Logic Studio - Cranked to X

Review: Logic Pro X

I’ve been using Logic Pro since when it was Logic 7 and its nice to see updates especially after a very long one – what? four years? Logic Pro X had quite an overhaul and you might be wondering if you’d take it for a spin or not. And so, I’m here you give you that answer.

There are some things you’ll need to know before upgrading or switching to Logic Pro X. And by the way, Logic Pro X actually stands for Logic Pro 10. People have been asking if its time to make the upgrade yet so I like to answer that question along with few other questions in this article.

We actually feared if Logic would be ‘Garageband Pro’. I safely tell you it’s not heading for that direction. Though when you launch the application for the very first time, you’ll be asked if you had experience using Logic before or if you’re new (or came from Garageband, really).

But really, if you have meddled with Garageband for some time now, you’ll soon find out that Logic Pro is a totally different powerhouse in terms of functions, audio content and power.

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1. Getting Started

You must download Logic Pro X off the App Store just like any other app or game. Apple used to have upgrade pricing for existing Logic users in the past. However there are no upgrade pricing for Logic Pro X. You have to purchase the full app at $199.

Looking at the bright side, just like any other app you download from the app store, you’re allowed to use Logic Pro X on up to 5 computers. Good? At its really affordable price, Logic has just beat down other competing DAWs such as Cubase & Pro Tools which are more expensive & also need license dongles to run.

Well, we can see that Apple is more interested to make money off their hardware sales compared to software.

2. Installation

Installing Logic Pro X was quite straightforward and easy. The App Store basically does it all for you. Simply search for ‘Logic pro’ in the App Store and you’ll find it easily.

Note that Logic Pro X will install as a software by itself. This means it does not remove Logic Pro 9 from your system and upgrades it. Your older Logic version will remain untouched in your computer. I thought that this is rather a good thing and here’s why;

Logic Pro X is fully 64-bit – They made the jump to go 64-bit and never look back. You can only run Logic on Mac OS 10.8.4 and newer. Also it no longer runs with 32-bit plugins. So if you rely on some plugins which have yet to have 64-bit version, you might want to keep Logic 9 on your computer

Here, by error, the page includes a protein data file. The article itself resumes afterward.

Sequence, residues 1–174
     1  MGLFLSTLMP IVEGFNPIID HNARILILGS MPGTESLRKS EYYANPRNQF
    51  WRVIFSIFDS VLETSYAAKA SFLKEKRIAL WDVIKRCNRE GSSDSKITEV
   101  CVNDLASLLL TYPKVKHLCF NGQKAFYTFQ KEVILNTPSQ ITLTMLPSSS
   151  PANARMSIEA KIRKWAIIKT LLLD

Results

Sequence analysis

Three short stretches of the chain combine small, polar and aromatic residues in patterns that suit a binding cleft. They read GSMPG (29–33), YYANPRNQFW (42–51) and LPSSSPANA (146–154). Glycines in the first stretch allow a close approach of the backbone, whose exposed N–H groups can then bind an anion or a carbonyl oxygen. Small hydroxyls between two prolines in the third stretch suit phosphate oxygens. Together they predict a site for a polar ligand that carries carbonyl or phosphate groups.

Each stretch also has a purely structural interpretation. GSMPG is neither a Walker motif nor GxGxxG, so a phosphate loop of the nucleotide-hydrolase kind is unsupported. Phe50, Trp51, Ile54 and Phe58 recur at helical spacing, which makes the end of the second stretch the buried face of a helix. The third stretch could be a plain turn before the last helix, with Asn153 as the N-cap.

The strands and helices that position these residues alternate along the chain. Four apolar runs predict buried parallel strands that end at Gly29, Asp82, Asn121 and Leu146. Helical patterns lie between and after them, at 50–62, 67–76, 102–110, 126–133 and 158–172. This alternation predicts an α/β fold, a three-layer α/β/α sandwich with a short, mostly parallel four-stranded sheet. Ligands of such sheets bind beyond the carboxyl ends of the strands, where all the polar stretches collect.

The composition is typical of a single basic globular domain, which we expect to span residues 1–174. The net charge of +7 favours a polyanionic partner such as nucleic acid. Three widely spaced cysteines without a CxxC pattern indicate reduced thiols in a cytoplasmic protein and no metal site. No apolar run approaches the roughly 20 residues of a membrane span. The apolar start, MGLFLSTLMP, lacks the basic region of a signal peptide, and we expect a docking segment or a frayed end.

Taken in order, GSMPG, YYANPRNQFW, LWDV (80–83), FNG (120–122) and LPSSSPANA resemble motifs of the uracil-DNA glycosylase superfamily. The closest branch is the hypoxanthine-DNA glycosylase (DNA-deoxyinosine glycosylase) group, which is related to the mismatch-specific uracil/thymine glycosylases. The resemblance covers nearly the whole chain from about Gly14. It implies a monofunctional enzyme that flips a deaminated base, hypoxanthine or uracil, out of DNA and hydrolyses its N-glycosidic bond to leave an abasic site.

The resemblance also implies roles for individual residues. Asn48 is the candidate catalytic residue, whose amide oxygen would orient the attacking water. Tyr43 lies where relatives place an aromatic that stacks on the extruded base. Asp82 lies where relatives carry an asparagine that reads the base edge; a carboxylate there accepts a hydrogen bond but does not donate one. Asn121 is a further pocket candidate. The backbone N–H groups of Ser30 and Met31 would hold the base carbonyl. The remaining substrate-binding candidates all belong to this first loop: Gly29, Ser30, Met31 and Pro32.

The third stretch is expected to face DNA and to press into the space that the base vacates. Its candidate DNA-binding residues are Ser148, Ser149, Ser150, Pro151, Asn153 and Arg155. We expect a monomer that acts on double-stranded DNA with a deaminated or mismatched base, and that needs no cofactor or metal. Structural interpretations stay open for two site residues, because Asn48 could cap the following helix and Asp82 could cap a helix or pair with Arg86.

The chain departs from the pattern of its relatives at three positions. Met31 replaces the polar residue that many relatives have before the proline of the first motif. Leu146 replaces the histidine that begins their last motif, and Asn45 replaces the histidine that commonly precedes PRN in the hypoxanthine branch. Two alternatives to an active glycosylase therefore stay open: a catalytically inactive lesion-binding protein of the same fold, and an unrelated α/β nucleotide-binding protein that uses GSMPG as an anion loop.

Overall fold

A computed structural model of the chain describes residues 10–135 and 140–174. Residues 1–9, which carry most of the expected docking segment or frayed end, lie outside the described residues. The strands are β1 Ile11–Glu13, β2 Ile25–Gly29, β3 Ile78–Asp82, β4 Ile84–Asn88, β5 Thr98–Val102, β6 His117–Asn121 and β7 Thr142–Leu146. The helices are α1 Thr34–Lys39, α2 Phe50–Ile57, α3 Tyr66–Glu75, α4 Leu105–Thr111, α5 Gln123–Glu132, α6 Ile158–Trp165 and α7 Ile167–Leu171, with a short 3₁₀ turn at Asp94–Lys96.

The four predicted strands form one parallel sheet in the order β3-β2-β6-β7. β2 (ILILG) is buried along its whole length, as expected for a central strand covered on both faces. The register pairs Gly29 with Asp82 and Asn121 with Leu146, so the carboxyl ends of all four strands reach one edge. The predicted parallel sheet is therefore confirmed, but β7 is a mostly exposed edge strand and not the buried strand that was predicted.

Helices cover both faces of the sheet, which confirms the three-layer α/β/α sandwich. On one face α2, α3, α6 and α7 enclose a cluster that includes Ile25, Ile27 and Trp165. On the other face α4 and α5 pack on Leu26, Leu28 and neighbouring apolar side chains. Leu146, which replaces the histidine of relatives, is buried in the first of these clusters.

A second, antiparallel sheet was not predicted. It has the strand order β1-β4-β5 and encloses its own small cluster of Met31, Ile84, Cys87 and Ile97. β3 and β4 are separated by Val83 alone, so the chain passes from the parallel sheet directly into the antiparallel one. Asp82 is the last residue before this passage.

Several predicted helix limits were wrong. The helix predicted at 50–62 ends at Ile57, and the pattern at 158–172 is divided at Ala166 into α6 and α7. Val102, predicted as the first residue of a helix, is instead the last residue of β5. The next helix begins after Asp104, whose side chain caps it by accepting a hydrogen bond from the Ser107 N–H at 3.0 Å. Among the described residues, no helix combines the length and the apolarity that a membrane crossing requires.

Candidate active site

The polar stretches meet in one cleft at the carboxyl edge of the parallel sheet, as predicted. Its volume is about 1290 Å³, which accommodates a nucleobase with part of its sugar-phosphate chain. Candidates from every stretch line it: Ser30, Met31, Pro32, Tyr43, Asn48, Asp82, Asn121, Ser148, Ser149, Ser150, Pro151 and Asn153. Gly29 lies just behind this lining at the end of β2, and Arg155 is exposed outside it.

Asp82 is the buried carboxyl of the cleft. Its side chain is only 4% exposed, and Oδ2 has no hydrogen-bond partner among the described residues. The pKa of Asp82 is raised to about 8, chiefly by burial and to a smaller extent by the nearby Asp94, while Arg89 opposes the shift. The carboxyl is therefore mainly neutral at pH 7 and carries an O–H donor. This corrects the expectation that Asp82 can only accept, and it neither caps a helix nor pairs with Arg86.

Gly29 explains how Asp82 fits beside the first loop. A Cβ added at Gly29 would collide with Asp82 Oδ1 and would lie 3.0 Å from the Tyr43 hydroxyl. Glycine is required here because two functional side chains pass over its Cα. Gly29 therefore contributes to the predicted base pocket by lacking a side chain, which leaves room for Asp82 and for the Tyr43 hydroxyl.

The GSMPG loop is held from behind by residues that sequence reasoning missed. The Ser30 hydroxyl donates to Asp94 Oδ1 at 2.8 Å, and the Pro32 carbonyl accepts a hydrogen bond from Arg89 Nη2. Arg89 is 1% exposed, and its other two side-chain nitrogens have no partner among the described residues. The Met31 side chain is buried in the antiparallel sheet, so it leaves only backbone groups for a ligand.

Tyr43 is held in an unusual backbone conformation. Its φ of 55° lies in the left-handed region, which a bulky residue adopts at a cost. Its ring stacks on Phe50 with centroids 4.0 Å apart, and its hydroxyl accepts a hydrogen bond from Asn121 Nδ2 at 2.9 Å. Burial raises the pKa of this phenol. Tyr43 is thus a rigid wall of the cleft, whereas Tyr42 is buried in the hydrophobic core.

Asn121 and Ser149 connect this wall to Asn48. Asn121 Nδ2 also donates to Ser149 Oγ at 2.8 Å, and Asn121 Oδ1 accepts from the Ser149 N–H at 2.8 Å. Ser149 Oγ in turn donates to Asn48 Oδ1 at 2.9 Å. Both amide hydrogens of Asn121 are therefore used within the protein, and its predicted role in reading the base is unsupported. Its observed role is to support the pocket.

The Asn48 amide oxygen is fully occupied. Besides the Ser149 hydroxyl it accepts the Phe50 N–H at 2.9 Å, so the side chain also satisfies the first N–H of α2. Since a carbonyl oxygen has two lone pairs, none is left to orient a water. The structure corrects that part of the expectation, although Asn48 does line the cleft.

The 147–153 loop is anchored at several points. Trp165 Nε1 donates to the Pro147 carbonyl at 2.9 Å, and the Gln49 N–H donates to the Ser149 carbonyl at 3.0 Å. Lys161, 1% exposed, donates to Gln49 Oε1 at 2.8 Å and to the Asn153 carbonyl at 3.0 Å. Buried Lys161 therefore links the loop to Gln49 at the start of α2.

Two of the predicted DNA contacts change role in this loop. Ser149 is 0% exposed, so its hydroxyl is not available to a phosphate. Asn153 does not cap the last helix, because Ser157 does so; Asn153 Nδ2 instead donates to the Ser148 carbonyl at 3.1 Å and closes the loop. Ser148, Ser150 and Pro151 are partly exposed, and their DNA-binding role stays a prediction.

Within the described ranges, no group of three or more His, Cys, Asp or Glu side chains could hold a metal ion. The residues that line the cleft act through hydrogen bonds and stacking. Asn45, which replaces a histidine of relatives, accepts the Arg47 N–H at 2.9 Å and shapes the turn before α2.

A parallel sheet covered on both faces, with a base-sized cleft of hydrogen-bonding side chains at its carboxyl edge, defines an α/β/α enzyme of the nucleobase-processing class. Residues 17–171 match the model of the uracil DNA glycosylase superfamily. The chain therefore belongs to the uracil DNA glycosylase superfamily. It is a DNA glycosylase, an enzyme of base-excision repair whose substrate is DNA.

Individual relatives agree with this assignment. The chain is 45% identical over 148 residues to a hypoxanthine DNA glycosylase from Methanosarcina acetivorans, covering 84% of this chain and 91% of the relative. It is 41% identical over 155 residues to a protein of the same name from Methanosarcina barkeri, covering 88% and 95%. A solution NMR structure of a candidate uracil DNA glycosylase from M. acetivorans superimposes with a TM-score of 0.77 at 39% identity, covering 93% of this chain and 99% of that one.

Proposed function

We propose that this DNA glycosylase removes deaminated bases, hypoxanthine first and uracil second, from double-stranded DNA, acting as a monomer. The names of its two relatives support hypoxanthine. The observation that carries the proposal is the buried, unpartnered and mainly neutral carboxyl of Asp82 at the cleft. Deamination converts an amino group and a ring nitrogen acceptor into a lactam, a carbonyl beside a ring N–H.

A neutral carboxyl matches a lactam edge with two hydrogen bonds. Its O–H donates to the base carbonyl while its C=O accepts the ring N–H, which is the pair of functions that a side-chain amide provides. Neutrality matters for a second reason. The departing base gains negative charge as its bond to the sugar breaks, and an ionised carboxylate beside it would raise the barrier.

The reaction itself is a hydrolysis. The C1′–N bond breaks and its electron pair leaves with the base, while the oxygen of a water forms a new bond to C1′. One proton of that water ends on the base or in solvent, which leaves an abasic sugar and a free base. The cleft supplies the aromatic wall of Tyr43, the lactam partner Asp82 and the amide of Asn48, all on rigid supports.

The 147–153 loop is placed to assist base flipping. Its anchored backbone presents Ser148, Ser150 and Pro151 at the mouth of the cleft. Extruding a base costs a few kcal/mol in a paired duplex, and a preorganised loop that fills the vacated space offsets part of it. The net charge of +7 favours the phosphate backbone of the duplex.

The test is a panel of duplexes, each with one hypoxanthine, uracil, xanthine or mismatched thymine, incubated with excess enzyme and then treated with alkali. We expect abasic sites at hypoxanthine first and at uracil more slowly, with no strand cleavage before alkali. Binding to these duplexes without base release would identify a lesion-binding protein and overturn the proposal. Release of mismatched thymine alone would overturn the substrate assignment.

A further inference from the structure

Look at brighter side. If you tend to use lots of virtual instruments and effects in your compositions & arrangements, this will be good for you. Basically, you’ll be able to utilize more RAM you have installed on your computer compared to the 32-bit app version which can only utilize up to 4GB of RAM.

The famous brushed steel in Logic Pro X's launch screen

The famous brushed steel in Logic Pro X’s launch screen

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3. Diving Into The Software

I’ve always felt that Logic is a software that is isn’t hard to get used too. Logic Pro X had a darker GUI which gives you less strain on the eye (supposingly). However, I felt my eyes had less strains with the lighter GUI of Logic Pro 9.

Another thing I noticed is that some text and things in Logic is a little small. It seems that designers fancy smaller and smaller text but perhaps the text could be a little bigger. Imagine squinting and working with really small texts in the studio for hours!

Logic X's mixer

Logic X’s mixer

Logic’s new mixer layout is definitely welcomed. It makes more sense now to be able to see the EQ, channel racks, buses, grouping, automation, panning and all in the same strip.


A new exciting sampler or rather drum machine, is Drummer. It won’t be able to match up to a real drummer of course but the sound is definitely good. I’m not a drummer myself. Drummer would make a lot of sense for singer-songwriters or people who do most of their composing and arranging in the box. A slight drawback is that it comes with only a set of rhythms and does not include Latin rhythms, for example.

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4. Logic Remote

This is something I’ve yearned for years! I had to download apps like TouchOSC and painfully map things with Logic 9 back in the past. With Logic Remote you can wirelessly control your DAW with your iPad. To give you an idea of how this comes in handy, think about how you can hit the record button and rewind again when you are recording yourself in the recording booth. No need to run to & fro the tracking room & the recording booth anymore! 😀

And Logic Remote is ……. free!

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In A Nutshell

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Logic Pro X is an amazing app. The long wait when I was on Logic Pro 9 made me think of switching softwares (and I did!), but having seen and tried out the new Logic Pro X, its definitely a powerhouse and still yet the most complete DAW ever.

You’ll find all the effects and functions you’ll need in a DAW with Logic Pro X. There’s also a huge library of sounds, loops, instruments samplers and synths all ready from the box. You won’t go wrong with Logic.

There’s so many things you can do with Logic Pro X and I suggest you to try it and learn all the effects and instruments first. Only when you had experience using the stock sounds and effects built in Logic and probably grown bored of them, go ahead and buy extra 3rd party instruments, effects and plugins.

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Comments

  • Alwenture Edwen

    Hi, how can we get the logic pro x ?

    • Reuben Chng

      Hey Edwen, you can get it from the Apple App Store.